When providing person-centred care, individuals are fully involved in the entire planning process of their care, which can be deemed to provide verbal consent. All discussions regarding their care and treatment must be delivered in a sensitive and understandable way and the individual should be provided with enough time to contemplate the information given and to ask any questions they may have. Through engaging with a care worker to create a care plan, they have implied their consent to the process, this is an acceptable way of obtaining consent. Written consent if often required when there is risk involved – such as with surgery. This written consent is kept within an individual’s notes detailing the treatment and care agreed upon written clearly and signed by representative giving the care and the individual. “The actual process of writing up the notes of the consent must be rigorous, accurately recording all discussions and decisions made relating to obtaining consent.” Tilmouth, Tina. Level 5 Diploma in Leadership for Health and Social Care 2nd Edition. Hodder Education.
When carrying out the care planning process it is assumed that the individual has mental capacity to consent or refuse the care and/or treatment on offer, unless there has been a mental capacity assessment which determines that said individual does not have the capacity to make an informed decision. If the individual has been determined to lack the capacity, the decision can be made for them by an advocate, although this must be reflective of their needs and in their own best interest. If mental capacity if unlikely to return the Mental Capacity Act advises the appointment of a trusted individual to act on their behalf. This could be a relative or friend. In an emergency situation, according to the Mental Capacity Act, when an individual requires immediate treatment but is unconscious, any treatment to preserve their life must be performed, unless a DNACPR form is presented.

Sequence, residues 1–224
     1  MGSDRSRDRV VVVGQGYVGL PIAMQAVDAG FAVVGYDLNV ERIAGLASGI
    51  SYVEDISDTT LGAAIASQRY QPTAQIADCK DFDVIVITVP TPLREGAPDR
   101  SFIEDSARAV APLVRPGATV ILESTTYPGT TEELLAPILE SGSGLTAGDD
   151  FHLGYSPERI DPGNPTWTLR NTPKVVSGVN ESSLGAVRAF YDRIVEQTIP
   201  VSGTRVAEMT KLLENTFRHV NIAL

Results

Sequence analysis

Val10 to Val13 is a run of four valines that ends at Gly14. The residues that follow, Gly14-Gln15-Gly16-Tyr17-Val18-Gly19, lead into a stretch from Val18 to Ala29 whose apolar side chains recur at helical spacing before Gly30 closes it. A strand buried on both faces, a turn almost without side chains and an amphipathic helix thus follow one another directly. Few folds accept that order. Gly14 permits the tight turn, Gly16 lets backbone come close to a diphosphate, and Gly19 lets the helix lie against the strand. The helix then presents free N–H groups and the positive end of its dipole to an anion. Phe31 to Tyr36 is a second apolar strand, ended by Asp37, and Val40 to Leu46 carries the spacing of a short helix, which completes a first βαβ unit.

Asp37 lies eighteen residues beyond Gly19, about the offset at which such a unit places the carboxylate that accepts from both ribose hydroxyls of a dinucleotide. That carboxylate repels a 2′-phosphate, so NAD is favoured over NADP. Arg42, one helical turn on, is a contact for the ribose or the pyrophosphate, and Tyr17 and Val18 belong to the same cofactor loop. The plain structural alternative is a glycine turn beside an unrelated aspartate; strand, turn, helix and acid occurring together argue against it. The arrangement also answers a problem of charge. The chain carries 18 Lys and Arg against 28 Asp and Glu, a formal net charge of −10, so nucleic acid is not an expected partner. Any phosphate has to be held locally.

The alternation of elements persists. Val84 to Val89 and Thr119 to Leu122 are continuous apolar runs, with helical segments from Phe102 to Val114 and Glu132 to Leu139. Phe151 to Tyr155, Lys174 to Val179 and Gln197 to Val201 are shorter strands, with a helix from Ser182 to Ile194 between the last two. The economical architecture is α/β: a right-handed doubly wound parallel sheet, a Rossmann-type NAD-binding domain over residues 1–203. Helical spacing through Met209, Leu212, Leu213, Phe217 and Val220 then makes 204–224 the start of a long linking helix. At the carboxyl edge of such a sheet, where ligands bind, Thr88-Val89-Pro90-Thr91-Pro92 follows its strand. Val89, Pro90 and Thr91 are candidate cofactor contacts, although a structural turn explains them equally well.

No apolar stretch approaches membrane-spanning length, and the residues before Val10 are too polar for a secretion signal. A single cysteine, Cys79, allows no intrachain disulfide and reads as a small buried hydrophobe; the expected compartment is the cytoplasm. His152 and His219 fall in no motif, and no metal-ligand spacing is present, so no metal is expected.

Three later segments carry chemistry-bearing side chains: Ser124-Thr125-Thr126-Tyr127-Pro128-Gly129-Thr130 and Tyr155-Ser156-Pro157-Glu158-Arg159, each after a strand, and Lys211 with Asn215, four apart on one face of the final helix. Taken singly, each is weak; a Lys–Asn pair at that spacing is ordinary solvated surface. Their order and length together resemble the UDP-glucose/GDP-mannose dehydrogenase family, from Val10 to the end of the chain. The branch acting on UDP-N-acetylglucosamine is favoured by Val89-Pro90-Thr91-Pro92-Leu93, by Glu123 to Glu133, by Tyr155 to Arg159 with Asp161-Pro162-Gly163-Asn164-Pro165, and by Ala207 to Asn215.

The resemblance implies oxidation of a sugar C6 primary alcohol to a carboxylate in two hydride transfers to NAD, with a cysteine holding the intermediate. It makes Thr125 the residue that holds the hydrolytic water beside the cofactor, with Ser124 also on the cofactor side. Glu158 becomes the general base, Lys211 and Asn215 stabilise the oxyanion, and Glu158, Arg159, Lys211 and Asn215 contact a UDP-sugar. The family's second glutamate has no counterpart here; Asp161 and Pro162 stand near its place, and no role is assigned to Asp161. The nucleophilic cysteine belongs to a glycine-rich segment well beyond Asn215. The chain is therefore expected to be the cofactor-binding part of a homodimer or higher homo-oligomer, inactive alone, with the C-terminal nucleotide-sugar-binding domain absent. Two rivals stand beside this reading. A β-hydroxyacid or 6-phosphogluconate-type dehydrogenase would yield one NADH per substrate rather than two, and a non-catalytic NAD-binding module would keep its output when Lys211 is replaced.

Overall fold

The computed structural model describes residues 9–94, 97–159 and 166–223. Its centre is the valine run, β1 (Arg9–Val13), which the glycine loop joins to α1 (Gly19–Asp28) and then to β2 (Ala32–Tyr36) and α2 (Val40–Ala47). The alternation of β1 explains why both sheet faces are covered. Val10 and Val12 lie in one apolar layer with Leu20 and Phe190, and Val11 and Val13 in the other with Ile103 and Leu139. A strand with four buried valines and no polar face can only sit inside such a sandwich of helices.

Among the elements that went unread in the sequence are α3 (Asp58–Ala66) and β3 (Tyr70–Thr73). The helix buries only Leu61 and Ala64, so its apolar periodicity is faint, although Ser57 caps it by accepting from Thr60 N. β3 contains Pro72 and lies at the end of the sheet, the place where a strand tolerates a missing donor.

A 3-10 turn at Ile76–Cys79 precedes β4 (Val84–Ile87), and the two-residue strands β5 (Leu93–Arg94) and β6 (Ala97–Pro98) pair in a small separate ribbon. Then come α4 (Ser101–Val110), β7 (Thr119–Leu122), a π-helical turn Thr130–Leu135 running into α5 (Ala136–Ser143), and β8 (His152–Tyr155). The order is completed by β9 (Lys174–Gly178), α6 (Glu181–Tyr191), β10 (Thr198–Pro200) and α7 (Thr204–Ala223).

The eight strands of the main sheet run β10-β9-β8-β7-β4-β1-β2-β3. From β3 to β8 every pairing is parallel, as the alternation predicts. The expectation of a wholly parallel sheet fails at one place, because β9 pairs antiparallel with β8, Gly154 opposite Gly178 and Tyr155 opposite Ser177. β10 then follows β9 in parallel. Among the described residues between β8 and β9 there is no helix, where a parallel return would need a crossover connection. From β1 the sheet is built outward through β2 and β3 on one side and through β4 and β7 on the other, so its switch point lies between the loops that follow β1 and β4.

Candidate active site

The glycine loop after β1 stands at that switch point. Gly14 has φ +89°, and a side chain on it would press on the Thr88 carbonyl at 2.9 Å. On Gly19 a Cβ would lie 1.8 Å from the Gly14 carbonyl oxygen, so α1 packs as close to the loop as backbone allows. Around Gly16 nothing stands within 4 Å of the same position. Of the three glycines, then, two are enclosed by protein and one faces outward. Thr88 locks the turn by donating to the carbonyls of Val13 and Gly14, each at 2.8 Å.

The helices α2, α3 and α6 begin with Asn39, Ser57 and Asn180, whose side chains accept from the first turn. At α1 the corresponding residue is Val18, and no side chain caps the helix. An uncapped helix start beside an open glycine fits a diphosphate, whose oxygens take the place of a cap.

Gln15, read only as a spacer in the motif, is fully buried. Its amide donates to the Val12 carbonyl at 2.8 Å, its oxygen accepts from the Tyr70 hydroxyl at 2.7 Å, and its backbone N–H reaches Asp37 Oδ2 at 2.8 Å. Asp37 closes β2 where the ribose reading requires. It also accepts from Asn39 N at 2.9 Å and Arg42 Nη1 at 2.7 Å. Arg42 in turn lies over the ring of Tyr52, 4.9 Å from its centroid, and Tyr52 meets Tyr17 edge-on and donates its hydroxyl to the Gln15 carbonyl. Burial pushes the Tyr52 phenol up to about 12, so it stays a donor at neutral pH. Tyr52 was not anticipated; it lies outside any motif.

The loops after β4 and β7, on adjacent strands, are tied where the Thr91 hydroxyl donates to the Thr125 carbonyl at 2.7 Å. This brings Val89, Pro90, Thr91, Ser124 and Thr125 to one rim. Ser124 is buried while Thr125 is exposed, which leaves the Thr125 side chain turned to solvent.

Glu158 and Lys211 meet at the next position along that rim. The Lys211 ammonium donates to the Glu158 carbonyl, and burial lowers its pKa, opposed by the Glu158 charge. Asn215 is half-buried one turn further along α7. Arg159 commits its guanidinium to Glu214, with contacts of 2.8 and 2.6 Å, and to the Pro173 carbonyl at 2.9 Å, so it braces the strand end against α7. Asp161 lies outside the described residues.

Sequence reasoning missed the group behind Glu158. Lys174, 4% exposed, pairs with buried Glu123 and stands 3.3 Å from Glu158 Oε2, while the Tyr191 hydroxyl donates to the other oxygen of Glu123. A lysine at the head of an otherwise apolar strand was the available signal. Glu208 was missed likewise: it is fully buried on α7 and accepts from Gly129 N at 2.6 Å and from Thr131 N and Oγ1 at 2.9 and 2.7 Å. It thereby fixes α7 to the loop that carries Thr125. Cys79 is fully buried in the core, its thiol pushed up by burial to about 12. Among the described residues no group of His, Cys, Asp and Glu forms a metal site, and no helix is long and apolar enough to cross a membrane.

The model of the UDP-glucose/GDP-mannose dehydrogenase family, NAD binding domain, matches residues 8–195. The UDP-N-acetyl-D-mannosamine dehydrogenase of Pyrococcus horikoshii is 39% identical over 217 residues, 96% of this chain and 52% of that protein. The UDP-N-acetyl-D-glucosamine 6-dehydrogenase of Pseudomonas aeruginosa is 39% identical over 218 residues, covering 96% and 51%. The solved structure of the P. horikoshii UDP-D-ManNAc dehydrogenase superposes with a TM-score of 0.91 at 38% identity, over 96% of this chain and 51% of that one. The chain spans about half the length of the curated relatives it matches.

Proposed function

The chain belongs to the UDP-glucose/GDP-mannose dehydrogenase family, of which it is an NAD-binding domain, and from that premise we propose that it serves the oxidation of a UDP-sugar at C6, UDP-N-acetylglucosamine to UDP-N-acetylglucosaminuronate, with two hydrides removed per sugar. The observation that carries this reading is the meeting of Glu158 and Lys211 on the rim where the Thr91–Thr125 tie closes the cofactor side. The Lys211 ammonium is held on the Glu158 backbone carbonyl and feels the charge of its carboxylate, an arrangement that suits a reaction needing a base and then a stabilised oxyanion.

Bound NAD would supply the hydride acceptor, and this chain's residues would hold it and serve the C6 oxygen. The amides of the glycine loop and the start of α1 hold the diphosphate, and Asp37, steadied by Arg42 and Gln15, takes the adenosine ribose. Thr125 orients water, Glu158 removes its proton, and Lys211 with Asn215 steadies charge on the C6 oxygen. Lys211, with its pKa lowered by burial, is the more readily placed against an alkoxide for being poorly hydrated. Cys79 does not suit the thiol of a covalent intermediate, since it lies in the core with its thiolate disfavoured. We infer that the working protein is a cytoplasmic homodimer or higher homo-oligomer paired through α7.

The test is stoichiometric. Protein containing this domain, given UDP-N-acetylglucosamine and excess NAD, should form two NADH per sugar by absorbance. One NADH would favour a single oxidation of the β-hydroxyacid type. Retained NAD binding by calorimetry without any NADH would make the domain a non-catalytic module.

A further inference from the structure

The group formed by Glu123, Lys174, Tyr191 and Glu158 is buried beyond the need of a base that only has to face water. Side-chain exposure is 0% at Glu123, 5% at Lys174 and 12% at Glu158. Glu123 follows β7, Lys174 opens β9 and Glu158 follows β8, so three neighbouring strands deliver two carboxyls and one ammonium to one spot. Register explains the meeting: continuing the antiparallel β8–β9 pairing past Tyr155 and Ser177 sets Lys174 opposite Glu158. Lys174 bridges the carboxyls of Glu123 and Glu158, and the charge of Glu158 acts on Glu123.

If an individual with mental capacity refuses treatment or care, this decision should be respected and a record of this should be made. If the individual is mental incapacitated in any way care staff should make a full assessment of their care to ensure that their welfare is safeguarded.
“Deprivation of liberty
In certain cases, the restrictions placed upon a person who lacks capacity may amount to “deprivation of liberty”. This must be judged on a case-by-case basis. Where it appears a deprivation of liberty might happen, the provider of care (usually a hospital or a care home) has to apply to their local authority. They’ll then arrange an assessment of the person’s care and treatment to decide if the deprivation of liberty is in the best interests of the individual concerned. If it is, the local authority will grant a legal authorisation. If it isn’t, the care and treatment package must be changed – otherwise, an unlawful deprivation of liberty will occur. This system is known as the Deprivation of Liberty Safeguards. If you suspect a deprivation of liberty may happen, talk to the care provider and then possibly the local authority.” https://www.nhs.uk/conditions/social-care-and-support/mental-capacity/#finding-the-least-restrictive-option
As a health and social care professional it is my responsibility to ensure that those within my care are provided with adequate care to meet their needs and are safeguarded from harm. Often, it is my responsibly to make small decisions on behalf of individuals whom do not have mental capacity, such as what to dress individuals in, what to give them to eat etc, as an advocate of their care. Larger more serious decisions are always involving the individual’s relatives but smaller decisions are often left to care staff as we are in a trusted position to implement the individuals care, reflective of their care plan and the homes philosophy.
One example of when I implemented a person-centred approach, occurred when an individual was feeling poorly, on inspection staff noticed that the individual had a rash which was making the resident very uncomfortable. The GP was due to do his rounds within the home that day and I asked the individual if they would like to see the GP as they have mental capacity. The individual refused claiming that they “did not want to make a fuss”. I tried to reassure the individual and express my concern for their wellbeing to which they dismissed my opinions. As a care provider, I have a duty of care to safeguard all residents and staff within the home, and I was sure that the individual did not understand the scope of the decision I was presenting to them. I spoke to the GP when he came and encouraged him to visit the poorly individual. The GP confirmed that the individual had Scabies and provided a treatment. When being admitted within the home residents are acknowledging that they require support and on occasion it may be necessary to seek advice on their behalf when they are potentially at risk. If I hadn’t spoken to the GP the individual’s health may have deteriorated or the scabies could have been spread around the home, the incident would have then been reportable as a safeguarding incident and could be seen as neglect. The individual was pleased to receive a treatment and cooperated with this once she was explained what the was suffering with and why.